I did not find a electrical timer at Lowes that will switch on the pump for 15 minutes every hour for example. Any references for this will be helpful.
When choosing a pump, you want to look at the chart on the package (if they have one) that says how much water it will pump at the planned head height. So say the top of your grow bed is going to be 2 feet above the water level in your fish tank, then you want to see how much the pump can lift to that height. What if it is a barrel ponics set up and you are expecting the pump to lift to 6 feet you check that number. And then you want to make sure the pump will still circulate the amount of water in your fish tank each hour. If you are only running it 15 minutes an hour, then you have to do a little math. But basically if you have a 55 gallon fish tank, and you are only running the pump for 15 minutes each hour, you want to be sure your pump will move at least 220 gallons an hour at whatever height you are expecting it to lift the water to. There is no chart or performance curve on the lowes web site but on a guess, that pump will probably manage for you. Just make sure you have air running for your fish too.

However, I'm not certain that 20 gallons of growing media will be enough to support very many fish and you may find that the plants might not use up enough nitrates if you do have a lot of fish for the space so you might still need to do some water changes.

As to timers.

Here is a reasonably priced outdoor timer with 15 minute intervals. It is a mechanical timer and with the 15 minute intervals the levers are really tiny so you might need a tool to easily adjust which levers are on or off but you can't get much easier than this. Note about mechanical timers, they are not always super precise. However, for the price does it really matter that much if the pump runs for 15 minutes or 19 minutes each hour? Just keep it out of direct sun and it will probably work much better.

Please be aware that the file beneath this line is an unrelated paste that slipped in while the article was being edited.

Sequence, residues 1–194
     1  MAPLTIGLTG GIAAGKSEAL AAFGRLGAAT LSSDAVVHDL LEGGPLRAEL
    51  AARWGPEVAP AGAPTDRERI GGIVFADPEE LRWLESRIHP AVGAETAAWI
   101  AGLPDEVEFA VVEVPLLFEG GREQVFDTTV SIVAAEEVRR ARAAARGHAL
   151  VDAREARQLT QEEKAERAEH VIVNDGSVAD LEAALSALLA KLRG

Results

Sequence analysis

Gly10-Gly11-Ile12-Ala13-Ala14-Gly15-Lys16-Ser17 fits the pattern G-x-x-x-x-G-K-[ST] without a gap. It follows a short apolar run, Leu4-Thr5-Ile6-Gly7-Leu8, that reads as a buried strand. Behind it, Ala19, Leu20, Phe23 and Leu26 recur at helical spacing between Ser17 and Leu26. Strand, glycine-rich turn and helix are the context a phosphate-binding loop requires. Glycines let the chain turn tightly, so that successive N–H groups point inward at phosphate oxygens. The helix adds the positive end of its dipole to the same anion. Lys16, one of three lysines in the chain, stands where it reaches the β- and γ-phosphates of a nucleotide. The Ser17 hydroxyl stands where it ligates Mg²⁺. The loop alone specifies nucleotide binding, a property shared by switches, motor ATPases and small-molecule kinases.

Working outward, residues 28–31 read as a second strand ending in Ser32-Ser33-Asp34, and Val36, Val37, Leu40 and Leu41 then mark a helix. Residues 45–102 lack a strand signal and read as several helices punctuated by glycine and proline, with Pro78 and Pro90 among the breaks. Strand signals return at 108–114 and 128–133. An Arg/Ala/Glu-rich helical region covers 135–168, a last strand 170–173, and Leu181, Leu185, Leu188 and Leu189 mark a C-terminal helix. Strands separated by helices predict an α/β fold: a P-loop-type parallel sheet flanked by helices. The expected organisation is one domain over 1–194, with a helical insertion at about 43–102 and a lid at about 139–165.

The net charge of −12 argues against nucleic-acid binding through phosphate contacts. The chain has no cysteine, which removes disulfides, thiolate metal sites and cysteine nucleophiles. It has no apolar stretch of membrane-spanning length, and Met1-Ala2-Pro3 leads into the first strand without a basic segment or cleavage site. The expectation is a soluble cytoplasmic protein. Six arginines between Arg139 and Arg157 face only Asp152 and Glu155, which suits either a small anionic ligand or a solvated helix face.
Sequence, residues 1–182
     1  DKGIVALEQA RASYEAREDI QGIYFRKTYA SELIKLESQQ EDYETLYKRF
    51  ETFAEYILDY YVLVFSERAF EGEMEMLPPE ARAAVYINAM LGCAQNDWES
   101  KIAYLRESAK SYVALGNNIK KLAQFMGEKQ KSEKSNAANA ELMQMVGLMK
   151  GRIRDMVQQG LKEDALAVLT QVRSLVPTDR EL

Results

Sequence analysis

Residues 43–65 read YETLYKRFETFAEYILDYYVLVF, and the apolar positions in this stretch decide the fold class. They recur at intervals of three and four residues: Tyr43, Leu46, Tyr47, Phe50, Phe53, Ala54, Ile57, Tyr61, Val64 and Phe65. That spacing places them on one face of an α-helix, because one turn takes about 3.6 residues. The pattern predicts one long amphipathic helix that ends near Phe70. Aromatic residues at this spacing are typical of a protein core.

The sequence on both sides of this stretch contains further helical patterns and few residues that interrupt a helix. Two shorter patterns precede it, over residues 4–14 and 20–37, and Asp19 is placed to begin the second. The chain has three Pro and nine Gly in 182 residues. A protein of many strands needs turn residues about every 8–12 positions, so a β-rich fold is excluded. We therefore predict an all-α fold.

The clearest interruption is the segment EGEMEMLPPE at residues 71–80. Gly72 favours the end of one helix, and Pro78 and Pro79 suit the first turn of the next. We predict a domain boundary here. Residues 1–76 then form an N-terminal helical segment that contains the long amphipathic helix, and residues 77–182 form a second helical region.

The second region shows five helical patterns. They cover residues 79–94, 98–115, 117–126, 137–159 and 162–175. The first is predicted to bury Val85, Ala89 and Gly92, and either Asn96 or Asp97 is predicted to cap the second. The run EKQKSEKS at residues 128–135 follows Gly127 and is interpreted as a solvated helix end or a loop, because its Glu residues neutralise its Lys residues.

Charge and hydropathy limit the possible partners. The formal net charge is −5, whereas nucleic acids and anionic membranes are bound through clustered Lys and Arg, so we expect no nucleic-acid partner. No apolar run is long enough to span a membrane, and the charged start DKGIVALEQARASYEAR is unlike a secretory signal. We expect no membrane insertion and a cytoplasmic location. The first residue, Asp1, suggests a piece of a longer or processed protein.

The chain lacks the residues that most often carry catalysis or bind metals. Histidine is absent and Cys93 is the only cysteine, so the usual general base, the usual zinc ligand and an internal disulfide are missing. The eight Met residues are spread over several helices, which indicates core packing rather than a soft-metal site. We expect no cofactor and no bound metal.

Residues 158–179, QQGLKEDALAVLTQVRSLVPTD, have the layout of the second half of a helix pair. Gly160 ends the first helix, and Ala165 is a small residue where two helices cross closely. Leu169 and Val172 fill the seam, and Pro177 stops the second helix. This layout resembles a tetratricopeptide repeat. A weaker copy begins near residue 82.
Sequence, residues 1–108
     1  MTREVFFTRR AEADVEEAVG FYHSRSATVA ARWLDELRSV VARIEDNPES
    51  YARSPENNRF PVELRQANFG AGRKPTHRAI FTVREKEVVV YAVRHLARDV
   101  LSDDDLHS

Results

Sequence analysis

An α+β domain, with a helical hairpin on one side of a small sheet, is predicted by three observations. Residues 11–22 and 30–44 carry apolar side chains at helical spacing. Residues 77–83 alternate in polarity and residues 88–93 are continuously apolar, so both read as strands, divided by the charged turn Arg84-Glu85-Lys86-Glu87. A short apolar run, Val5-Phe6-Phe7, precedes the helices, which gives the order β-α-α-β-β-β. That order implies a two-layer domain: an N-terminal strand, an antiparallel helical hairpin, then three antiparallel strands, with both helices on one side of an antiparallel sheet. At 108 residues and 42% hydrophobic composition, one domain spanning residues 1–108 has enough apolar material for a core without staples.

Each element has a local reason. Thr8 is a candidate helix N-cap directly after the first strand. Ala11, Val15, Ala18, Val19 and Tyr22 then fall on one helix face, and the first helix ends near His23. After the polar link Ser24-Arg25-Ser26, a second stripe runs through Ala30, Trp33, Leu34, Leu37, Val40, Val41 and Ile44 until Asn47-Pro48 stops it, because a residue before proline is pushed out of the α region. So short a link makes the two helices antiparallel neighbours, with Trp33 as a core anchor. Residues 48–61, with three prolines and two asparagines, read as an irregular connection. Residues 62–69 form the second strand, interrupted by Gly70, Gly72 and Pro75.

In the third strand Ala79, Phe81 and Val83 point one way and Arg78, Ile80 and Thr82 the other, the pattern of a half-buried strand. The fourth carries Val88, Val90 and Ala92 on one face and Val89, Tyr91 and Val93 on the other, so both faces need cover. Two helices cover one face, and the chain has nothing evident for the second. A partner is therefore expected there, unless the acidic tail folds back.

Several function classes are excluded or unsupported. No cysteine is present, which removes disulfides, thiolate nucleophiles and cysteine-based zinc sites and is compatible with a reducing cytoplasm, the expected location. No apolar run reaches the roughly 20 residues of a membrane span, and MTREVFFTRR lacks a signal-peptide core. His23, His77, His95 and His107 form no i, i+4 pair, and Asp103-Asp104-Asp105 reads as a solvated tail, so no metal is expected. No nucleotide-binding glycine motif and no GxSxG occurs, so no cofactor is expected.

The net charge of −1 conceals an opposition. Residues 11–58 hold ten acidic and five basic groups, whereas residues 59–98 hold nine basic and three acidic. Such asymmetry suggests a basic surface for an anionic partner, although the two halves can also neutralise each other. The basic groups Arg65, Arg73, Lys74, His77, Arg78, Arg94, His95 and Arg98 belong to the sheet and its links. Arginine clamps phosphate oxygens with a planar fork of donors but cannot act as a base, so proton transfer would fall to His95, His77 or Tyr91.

Roy, here is the 15 minute cycle timer I use, and like - http://www.amazon.com/Hydrofarm-Dual-Outlet-Grounded-Timer/dp/B001Q.... And I would add the same caution as TCLynx about the media - I've heard a good general rule is a gallon of media to a gallon of water, which is also equals out to approximately 6 gallons of water per sq ft of media. These are the measures I've tried to use and it has worked pretty well. Hope this helps
I learned to use Sodium Ascorbate (vitamin C ) for chloramines. It doesn't take much...seems to work.
Here's a few links about it...( I found them on a different aquaponic forum site. Sylvia, I don't know if I'm allowed to mention it's name ? )

http://www.sfwater.org/Files/FAQs/removal.pdf
http://www.swwrc.wsu.edu/conference/Papers/Greg_Peterka.pdf
http://www.dsm.com/en_US/downloads/dnp/51644_VitaminC.pdf

I'd really like to hear what Rupert thinks about it's use.....any pros or cons....?

RupertofOZ said:
Hi Roy,

Chlorinated water is usable in small amounts, if you have to use it...

Luckily, chlorine can be dissipated from water by exposure to sunlight and aeration. Adding a "bubbler" to a container of water for 24 hours is usually enough to make it safe.

The problem with tap water, is that some water suppliers dose with "chloramine" rather than chlorine...

Chloramine, while it does eventually breakdown through exposure to sunlight (UV), can't be dissipated by bubbling as chlorinated water can be...

And by the very nature of the compound, breaks down into ammonia or ammonium.... depending on pH...with possible fatal consequences to fish... or at the very least to an elevated "ammonia" spike in your system...

Indeed Chloramines can pose a risk for both human hemodialysis patients as well as fish. Chloramines easily enter the bloodstream through dialysis membranes and the gills of fish.

The most effective nonchemical method for removing chloramines is by activated carbon and certain spectrum UV wavelengths can also breakdown chloramine...
.
Activated carbon does not adsorb chloramines but rather removes them through its ability to act as a catalyst for the chemical breakdown of chloramines to innocuous chlorides in water.

This catalytic reaction involves the formation of a carbon oxide intermediate (CO*). This reaction is as follows:

NH2Cl + H2O + C* = NH3 + Cl- + H+ + CO*
David, never a problem mentioning other forums. We are all in this together!
Thanks Sylvia....just trying to be considerate.
I learned about the Sodium Ascorbate in the DIY AQUAPONICS forum. It was in the 'general' section....look for
LINKS & OTHER INFO, then the post ...."removing chlorine from tap water with Vitamin C?"..... if you care to read more about it.
It only takes a little. Rule of thumb/verify your self....1/8 of a teaspoon to 55 gals.

Sylvia Bernstein said:
David, never a problem mentioning other forums. We are all in this together!

Reply to Discussion

RSS

© 2019   Created by Sylvia Bernstein.   Powered by

Badges  |  Report an Issue  |  Terms of Service